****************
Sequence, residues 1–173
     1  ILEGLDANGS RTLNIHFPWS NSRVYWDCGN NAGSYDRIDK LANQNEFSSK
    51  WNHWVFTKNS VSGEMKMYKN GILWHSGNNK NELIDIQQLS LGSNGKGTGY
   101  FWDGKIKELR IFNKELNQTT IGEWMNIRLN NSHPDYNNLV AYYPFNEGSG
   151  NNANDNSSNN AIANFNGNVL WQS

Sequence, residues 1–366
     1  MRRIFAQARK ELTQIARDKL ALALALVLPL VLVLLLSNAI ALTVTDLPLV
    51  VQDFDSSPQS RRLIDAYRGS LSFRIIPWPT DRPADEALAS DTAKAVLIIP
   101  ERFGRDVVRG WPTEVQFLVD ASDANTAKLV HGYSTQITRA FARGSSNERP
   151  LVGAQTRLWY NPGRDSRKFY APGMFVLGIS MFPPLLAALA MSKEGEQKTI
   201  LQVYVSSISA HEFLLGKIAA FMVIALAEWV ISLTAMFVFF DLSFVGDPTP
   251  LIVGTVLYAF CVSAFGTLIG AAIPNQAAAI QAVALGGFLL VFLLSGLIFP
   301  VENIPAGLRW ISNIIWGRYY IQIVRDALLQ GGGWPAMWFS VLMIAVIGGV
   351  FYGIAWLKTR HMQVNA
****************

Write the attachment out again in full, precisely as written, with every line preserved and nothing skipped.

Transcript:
Sequence, residues 1–173
     1  ILEGLDANGS RTLNIHFPWS NSRVYWDCGN NAGSYDRIDK LANQNEFSSK
    51  WNHWVFTKNS VSGEMKMYKN GILWHSGNNK NELIDIQQLS LGSNGKGTGY
   101  FWDGKIKELR IFNKELNQTT IGEWMNIRLN NSHPDYNNLV AYYPFNEGSG
   151  NNANDNSSNN AIANFNGNVL WQS

Sequence, residues 1–366
     1  MRRIFAQARK ELTQIARDKL ALALALVLPL VLVLLLSNAI ALTVTDLPLV
    51  VQDFDSSPQS RRLIDAYRGS LSFRIIPWPT DRPADEALAS DTAKAVLIIP
   101  ERFGRDVVRG WPTEVQFLVD ASDANTAKLV HGYSTQITRA FARGSSNERP
   151  LVGAQTRLWY NPGRDSRKFY APGMFVLGIS MFPPLLAALA MSKEGEQKTI
   201  LQVYVSSISA HEFLLGKIAA FMVIALAEWV ISLTAMFVFF DLSFVGDPTP
   251  LIVGTVLYAF CVSAFGTLIG AAIPNQAAAI QAVALGGFLL VFLLSGLIFP
   301  VENIPAGLRW ISNIIWGRYY IQIVRDALLQ GGGWPAMWFS VLMIAVIGGV
   351  FYGIAWLKTR HMQVNA